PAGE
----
This area looks to Texas and the Spanish, as well as to the French in the south, to find its identity. Shreveport, the Red River and the Texas Trail were created to encourage trade with Texas and Mexico and allowed the food of these regions a spot on the Louisiana table. 

Along the coast of which Louisiana has 7,700 tidal miles, oysters, shrimp, crabs and countless varieties of fish are harvested from the Gulf of Mexico, bays, bayous and estuaries and have found their way to the restaurant tables as a the star of the entrée.

“I grew up in Houma where the freshest seafood is served daily in restaurants and in homes,” said Alice Glenn, LRA Education Foundation Executive Director. “Crabbing and fishing with my dad was something I always looked forward to and just this morning I received an email from him stating ‘Red snapper season opens this Friday! Who’s in’?”

What part of Louisiana are you from, have you traveled to or have gone on business where the geographic and ethnic differences were prevalent?

Tuesday, May 29, 2012

Fast before the Oyster Festival, June 2-3

New location, great restaurants, live entertainment, oyster eating contest!

Lucien Gunter of Acme Oyster House
works to dispel rumors that one
should not partake in eating
the Gulf oyster during months that
do not contain the letter 'r'.
"It’s a misnomer that one shouldn’t indulge in Gulf oysters in months that don’t contain the letter ‘r’,” said Lucien Gunter of Acme Oyster House. “June is actually the best month for oysters and they are at the height of perfection, plump and salty.”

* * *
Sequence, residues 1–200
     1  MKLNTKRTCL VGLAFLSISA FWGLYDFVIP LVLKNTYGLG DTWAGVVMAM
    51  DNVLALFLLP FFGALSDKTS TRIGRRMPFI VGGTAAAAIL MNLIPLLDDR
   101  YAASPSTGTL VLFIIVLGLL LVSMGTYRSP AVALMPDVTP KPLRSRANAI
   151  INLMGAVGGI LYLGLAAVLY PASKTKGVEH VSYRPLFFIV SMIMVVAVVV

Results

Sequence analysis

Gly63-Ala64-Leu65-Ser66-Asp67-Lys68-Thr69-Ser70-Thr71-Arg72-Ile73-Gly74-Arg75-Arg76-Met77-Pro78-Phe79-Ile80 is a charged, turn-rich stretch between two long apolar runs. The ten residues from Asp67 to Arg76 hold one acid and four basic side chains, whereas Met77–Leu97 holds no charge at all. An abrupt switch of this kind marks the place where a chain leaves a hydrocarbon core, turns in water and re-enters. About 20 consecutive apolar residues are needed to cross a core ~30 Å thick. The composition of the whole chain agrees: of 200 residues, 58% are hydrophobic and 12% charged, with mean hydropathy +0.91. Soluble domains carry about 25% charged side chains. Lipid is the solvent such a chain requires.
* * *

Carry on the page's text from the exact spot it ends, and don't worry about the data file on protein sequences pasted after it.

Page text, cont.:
Gulf oysters are some of the most delicious in the world and at their best, are juicy and briny. Whether they are raw, charbroiled, in a gumbo or fried, we can get enough of these bivalves. The New Orleans Oyster Festival kicks off June 2-3 at a new site—Woldenberg Park on the Mississippi River.
“The New Orleans Oyster Festival was something that was in planning long before Hurricane Katrina,” said Lucien Hunter of Acme Oyster House. “Holding the festival in June has generated questions about whether or not oysters are good in the summer.”

The oyster has seen its fair share of struggles as many articles have reported the impact on the static grown shelled delicacy following the BP Oil Spill. One industry insider attributes the high availability of the oyster right now to the fact that those out-of-Louisiana aren’t assured of their safety even now.

But here in Louisiana, we can’t seem to get enough and festival goers will have the opportunity, unlike any other, to try a wide array of oyster dishes in one spot.

With nearly 20 of New Orleans finest restaurants  featuring the beloved oyster be prepared to enjoy an oyster boudin po-boy from Superior Seafood, meat and oyster pies from Remoulade, BBQ oyster po-boy from Red Fish Grill, pepper jelly oysters from the Gumbo Pot, an oyster brochette po-boy from Galatoire’s, fried oysters with foie gras and truffle aioli from Elizabeth’s, charbroiled oysters from Drago’s, bourbon BBQ shrimp po-boy from Bourbon House, raw oysters on the half shell from Acme Oyster House, oyster Almondine from Borgne and so many others.
BBQ po-boy with blue cheese by Red Fish Grill takes the
traditional fried oyster po-boy and kicks up it!